Food speculation by banks and financial institutions continues to contribute to rapid and unpredictable swings in food prices. Yet, corporate lobbying on the Markets in Financial Instruments Directive (MiFID) – which sets new regulations for financial markets – has undermined attempts to curb this destructive practice, according to Friends of the Earth Europe. This will allow speculators to continue profiteering at the expense of the world’s most vulnerable.
A final meeting in Brussels between the European Commission, Council and Parliament yesterday that should have drawn discussions on the directive to a close, failed to reach agreement.
Information requested from key representatives of member states by Friends of the Earth Europe reveals intense lobbying on the directive – conducted predominantly by representatives from the banking, financial and energy sectors. This has ensured loopholes remain in the final texts, already approved by the European Council and Parliament, which will allow speculation to continue, according to Friends of the Earth Europe .
Anne van Schaik, accountable finance campaigner at Friends of the Earth Europe said: “Food speculation is costing the world’s most vulnerable the food on their plates. Corporate greed has outweighed the interests of citizens.”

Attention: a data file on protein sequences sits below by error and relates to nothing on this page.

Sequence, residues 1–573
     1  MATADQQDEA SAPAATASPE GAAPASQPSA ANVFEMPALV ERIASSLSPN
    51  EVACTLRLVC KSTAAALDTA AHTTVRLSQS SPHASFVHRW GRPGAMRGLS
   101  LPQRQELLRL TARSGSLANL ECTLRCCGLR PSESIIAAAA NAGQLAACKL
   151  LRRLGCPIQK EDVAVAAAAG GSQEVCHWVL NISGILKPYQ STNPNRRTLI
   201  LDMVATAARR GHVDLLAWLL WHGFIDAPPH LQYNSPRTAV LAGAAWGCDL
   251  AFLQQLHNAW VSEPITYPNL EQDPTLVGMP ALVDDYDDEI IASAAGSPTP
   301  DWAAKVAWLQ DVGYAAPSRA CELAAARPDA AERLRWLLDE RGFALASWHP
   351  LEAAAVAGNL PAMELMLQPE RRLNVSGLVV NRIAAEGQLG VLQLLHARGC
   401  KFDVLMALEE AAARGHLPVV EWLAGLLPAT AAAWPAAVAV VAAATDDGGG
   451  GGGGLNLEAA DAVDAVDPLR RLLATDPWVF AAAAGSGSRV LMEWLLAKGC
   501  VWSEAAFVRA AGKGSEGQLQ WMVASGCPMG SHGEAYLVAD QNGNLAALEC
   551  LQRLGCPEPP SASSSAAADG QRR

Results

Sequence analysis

The loopholes included the failure to set European-wide limits on the amount of shares a speculator can hold on the market, and to the type of financial products that can be traded. A lack of substantial reporting criteria for financial institutions will also hamper attempts to monitor food speculation, according to the organisation.
The most active firms targeting permanent representations include the London Stock Exchange, Blackrock, Bank of America, HSBC, JP Morgan and Goldman Sachs.
Anne van Schaik continued: “After a long wait, information from Permanent Representations on lobbying by the corporate sector confirms our fears. The voices of people have been drowned out by intense corporate lobbying – undermining efforts to curb the destructive practice of food speculation.”
The MiFID offered an opportunity to strictly regulate European financial markets. European policy-making must put the hunger of people before the greed of financial institutions. Friends of the Earth calls on negotiators to bring an end to excessive and harmful speculation, and to the environmental and social damage done by financial markets.
NOTES: Permanent representations from the Netherlands, the United Kingdom and Germany have provided material through the Access to Documents process
The information provided by the Netherlands and Germany are incomplete: meetings that have taken place are not included in the overview sent to Friends of the Earth Europe.
Directorate General of Internal Market and Services provided Corporate Europe Observatory with a list of meetings with companies where commodity markets and position limits were discussed. The Associated for Financial Markets in Europe (AFMA), who speak out against position limits, are listed. Similar meetings were held with the Alternative Investment Management Association (AIMA), International Swaps and Derivatives Association (ISDA) and Goldman Sachs.